I’ve been practicing acupuncture for 8 years and I am still totally amazed by the mystery of its inner workings. You can see why.

I’ve witnessed incredible things: migraine and chronic pain patients becoming pain-free, people with lifelong anxiety and depression no longer having symptoms that interfere with their lives, and women with “out of control” menopause symptoms feeling like themselves again for the first time in years. And that’s just for starters.

How can sticking tiny needles in specific points the body stimulates such profound healing? Mainstream medicine is wondering too.

In the past decade acupuncture research has completely exploded. Renowned universities such as Georgetown, Harvard, Stanford, UCLA and University of Maryland as well as universities world- wide are studying the many ways that acupuncture works. It’s fascinating, and even a little mind-boggling to try to make sense of it all.

This blog is for the acupuncture-lovers or acupuncture-curious among us. I’ve included both eastern and scientific explanations in abbreviated version due to space restrictions. When considering such a powerful healing medicine as acupuncture, both sides of the coin are necessary, and again there will always be some mystery…

The Eastern Perspective

According to Chinese Medicine, we as humans are a cohesive whole where all parts are interconnected and interdependent. As a part of our mind-body being matrix, we have energy channels that run throughout the body. These channels conduct the flow of energy, known as qi or prana. I like to imagine the energy channels like interlocking rivers that flow with energy in the same way rivers flow with water.

If you’ve ever seen a river, you know how a rock in the river diverts the flow of water and impacts the flow of water throughout the whole river. Our energy channels operate in exactly the same way. For the sake of this article, I will call ‘rocks’ in the river blockages, but they can actually be any type of imbalance.

Blockages can be caused by trauma, injury, stress, pent up emotions, poor lifestyle habits, outside pathogens or genetics. These blockages interrupt the natural flow of energy through the body and cause symptoms or disease. By locating blockages and the cause of blockages, and then inserting needles into the appropriate points, energy is liberated or reallocated. As a result,
symptoms are dissipated, and the cause of the symptoms corrected.

To say it short and sweet—Acupuncture works by rebalancing energy flow to treat both symptoms and the origin of disease.

The Scientific Perspective

Research shows that acupuncture works in many different ways.

Regulates emotions and mood

Studies as early as the 1980s show that acupuncture works by stimulating the release of endorphins, known as the body’s natural feel-good chemicals. Endorphins relieve pain, regulate emotions, and provide a general sense of wellbeing. More recent studies have also shown that acupuncture similarly stimulates the release of serotonin and other opioids.

Reduces inflammation

Inflammation triggers the symptoms of disease, and is a basis for disease itself. By stimulating the vagus nerve, a nerve that activates mechanisms in the body to reduce inflammation, and eventually the key anti-inflammatory agent, the neurotransmitter dopamine, acupuncture is extremely effective for decreasing inflammation.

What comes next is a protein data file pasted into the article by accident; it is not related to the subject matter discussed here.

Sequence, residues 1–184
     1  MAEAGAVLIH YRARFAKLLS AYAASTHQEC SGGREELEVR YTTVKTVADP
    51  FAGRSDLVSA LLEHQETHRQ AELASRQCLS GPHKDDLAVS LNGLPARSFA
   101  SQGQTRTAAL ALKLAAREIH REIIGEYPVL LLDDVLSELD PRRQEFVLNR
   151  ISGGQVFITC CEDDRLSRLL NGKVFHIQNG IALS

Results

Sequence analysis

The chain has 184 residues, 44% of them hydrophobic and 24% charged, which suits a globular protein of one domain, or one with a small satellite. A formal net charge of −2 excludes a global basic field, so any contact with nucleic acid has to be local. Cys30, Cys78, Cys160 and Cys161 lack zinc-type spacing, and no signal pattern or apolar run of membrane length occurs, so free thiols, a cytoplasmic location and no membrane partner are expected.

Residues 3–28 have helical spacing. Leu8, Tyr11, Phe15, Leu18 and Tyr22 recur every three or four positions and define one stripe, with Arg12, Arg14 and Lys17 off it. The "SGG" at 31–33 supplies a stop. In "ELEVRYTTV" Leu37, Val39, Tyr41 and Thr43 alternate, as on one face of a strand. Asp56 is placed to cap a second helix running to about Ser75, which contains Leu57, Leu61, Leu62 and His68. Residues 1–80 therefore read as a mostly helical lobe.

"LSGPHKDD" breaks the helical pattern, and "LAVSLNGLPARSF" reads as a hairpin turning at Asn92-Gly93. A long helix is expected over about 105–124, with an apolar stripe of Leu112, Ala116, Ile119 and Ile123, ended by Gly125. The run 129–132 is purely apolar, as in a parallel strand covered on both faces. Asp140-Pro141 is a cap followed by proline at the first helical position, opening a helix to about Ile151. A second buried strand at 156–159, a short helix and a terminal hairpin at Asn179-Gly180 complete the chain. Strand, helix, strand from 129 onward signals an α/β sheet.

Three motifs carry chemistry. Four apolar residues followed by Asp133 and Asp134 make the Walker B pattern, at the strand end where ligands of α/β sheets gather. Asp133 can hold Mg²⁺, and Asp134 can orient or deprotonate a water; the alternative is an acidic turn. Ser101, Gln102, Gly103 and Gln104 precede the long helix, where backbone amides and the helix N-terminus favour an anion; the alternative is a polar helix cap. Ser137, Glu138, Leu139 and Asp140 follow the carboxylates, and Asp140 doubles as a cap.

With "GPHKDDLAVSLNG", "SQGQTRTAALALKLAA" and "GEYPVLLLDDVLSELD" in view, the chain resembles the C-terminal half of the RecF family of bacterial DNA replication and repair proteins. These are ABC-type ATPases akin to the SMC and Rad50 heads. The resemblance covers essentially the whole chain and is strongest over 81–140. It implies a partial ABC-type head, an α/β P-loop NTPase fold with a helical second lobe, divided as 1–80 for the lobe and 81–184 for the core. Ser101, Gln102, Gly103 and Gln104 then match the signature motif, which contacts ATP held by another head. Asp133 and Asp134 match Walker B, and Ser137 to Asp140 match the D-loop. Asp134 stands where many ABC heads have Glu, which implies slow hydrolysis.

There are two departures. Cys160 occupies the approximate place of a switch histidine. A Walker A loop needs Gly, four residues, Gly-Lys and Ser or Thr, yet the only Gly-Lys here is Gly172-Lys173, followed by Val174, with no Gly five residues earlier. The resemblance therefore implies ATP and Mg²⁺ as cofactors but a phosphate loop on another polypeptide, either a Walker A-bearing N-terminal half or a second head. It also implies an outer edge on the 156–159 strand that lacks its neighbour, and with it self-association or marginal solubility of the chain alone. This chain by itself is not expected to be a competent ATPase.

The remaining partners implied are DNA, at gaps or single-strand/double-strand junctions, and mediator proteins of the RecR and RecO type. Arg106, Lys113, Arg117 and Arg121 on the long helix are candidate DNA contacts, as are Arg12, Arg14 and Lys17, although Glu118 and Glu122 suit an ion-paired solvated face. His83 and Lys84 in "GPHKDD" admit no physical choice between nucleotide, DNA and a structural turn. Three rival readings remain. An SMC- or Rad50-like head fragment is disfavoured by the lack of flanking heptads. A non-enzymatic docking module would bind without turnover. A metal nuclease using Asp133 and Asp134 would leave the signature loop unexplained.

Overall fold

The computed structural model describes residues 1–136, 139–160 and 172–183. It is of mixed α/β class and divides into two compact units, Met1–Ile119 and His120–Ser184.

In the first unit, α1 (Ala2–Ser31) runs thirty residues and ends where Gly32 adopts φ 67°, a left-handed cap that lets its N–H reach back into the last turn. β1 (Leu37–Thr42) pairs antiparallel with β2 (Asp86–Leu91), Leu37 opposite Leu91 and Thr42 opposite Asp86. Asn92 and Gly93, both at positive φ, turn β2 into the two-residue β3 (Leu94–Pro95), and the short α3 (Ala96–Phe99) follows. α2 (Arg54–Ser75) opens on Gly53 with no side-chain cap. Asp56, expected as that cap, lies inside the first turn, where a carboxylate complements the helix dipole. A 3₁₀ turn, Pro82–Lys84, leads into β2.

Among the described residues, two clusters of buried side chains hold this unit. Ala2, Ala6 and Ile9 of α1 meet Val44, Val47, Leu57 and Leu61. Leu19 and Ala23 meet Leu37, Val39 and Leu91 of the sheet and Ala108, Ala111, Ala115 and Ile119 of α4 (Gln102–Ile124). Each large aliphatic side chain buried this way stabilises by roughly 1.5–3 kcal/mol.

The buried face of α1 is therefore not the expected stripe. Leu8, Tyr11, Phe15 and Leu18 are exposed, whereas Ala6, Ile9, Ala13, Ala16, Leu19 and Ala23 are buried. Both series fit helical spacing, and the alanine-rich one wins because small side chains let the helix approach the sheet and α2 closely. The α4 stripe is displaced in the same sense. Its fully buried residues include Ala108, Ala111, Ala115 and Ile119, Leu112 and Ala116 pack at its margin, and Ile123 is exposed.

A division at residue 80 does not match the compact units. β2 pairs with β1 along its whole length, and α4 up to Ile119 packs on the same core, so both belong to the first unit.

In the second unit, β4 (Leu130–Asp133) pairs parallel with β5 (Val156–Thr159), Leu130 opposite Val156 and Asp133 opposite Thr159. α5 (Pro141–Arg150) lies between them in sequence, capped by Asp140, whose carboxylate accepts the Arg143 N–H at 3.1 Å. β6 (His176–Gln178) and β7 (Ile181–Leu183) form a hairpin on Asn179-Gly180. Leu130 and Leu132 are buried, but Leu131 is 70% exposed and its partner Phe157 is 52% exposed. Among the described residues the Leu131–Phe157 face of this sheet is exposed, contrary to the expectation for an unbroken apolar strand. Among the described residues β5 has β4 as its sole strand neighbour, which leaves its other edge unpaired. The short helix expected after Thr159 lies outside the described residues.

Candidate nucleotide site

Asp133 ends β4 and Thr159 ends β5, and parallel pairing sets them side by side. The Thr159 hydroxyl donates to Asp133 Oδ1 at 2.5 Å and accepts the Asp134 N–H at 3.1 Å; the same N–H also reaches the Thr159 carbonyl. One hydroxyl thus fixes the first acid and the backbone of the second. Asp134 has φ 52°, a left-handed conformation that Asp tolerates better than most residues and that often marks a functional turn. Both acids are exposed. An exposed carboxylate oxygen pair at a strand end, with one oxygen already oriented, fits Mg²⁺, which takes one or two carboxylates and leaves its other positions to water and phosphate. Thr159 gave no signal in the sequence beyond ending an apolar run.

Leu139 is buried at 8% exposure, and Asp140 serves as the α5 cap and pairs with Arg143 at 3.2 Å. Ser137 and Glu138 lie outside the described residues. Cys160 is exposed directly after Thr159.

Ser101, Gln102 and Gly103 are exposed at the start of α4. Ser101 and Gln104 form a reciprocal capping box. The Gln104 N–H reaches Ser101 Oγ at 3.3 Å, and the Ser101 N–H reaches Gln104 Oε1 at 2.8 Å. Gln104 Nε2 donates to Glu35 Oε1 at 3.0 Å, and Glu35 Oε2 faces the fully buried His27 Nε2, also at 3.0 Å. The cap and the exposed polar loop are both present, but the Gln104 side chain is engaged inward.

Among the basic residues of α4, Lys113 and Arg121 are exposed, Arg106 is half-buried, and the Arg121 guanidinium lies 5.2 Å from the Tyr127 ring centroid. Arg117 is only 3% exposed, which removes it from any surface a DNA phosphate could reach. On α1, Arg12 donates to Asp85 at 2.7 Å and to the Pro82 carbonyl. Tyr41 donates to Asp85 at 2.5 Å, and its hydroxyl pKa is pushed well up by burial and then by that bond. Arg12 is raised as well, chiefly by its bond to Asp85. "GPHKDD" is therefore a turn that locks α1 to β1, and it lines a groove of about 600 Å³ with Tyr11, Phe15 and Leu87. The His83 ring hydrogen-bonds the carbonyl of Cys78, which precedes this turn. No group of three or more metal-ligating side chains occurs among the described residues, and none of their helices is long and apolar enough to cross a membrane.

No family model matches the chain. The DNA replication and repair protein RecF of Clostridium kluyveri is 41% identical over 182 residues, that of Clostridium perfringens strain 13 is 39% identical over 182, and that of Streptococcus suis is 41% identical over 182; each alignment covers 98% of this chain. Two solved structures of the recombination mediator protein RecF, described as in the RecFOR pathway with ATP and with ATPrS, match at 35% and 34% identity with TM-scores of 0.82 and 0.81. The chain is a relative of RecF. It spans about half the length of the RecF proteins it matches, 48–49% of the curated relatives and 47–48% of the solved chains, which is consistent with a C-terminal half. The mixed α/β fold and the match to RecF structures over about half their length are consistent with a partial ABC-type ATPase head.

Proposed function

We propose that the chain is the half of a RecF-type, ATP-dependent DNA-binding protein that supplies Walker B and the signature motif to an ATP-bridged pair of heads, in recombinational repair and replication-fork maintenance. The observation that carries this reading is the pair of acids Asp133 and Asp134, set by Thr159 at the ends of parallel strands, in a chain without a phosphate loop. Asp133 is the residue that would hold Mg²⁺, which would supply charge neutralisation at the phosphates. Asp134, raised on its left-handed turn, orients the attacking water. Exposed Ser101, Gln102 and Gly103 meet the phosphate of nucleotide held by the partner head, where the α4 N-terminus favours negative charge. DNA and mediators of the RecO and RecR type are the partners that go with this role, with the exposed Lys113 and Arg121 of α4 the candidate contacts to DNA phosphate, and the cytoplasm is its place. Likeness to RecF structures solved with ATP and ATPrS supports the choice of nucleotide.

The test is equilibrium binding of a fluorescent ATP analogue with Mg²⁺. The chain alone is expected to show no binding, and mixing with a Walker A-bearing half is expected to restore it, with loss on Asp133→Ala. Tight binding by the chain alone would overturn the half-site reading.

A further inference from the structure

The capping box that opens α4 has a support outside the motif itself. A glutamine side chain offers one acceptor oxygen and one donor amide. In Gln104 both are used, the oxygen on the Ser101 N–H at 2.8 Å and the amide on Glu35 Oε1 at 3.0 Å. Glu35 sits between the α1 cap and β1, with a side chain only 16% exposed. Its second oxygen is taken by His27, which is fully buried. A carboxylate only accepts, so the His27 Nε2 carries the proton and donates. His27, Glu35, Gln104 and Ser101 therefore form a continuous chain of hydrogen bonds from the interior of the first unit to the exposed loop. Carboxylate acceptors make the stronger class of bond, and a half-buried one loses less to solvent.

Promotes blood and oxygen flow

Healthy blood and oxygen flow is necessary to heal injuries, repair tissue damage and restore optimal health. In a Harvard Medical School study using MRIs, acupuncture was shown to increase blood flow to specific areas of the brain that control mood, pain and cravings. Acupuncture also restores local circulation of blood and oxygen.

Releases natural painkillers

Acupuncture stimulates the brain to release the body’s natural painkillers, chemicals such as endorphins, norepinephrine and enkephalin.

Reduces stress

This may be one of the most essential effects of acupuncture. Nearly all symptoms and diseases are known to be caused or exacerbated by stress. Acupuncture has been shown to stimulate the release of oxytocin, a hormone that regulates the parasympathetic nervous system.

You may be familiar with the parasympathetic nervous system (PNS) from my other posts about stress and the adrenals. As a refresher, the PNS is the ‘rest and digest’ part of our nervous system that governs all functions of the body that occur at rest. You’d be surprised how many systems of the body depend on the PNS to function optimally- think regular heart rate, urination, digestion, reproduction, sexual arousal. If the PNS is impaired, these functions will not work properly.

Impaired function of the PNS has also been correlated as a cause for autoimmune diseases including inflammatory bowel disease, arthritis, lupus and rheumatoid arthritis.

Strengthens the immune system

Acupuncture has been shown to increase T cells, NK (Natural Killer) cells and stimulate lymphatic flow in the body. This is beneficial for all immune related disorders including autoimmune diseases, cold, flu, allergies, asthma, sinusitis, and any bacterial or viral infection. In addition, by stimulating NK cells, acupuncture has been proven to promote anticancer immunity.

Regulates hormones & appetite

The hypothalamus controls part of the nervous system, hormonal processes and many bodily functions such as sleep, regulation of temperature and appetite. The pituitary gland supplies some of the body’s hormones. Together they function as part of the HPA axis (Hypothalamus- Pituitary- Adrenal) that regulates hormones and the body’s stress response. Acupuncture activates normal function of the HPA axis, thus regulating hormones for treatment all hormonal conditions including infertility, menopausal symptoms, menstrual issues, PCOS, thyroid disorders, and adrenal fatigue.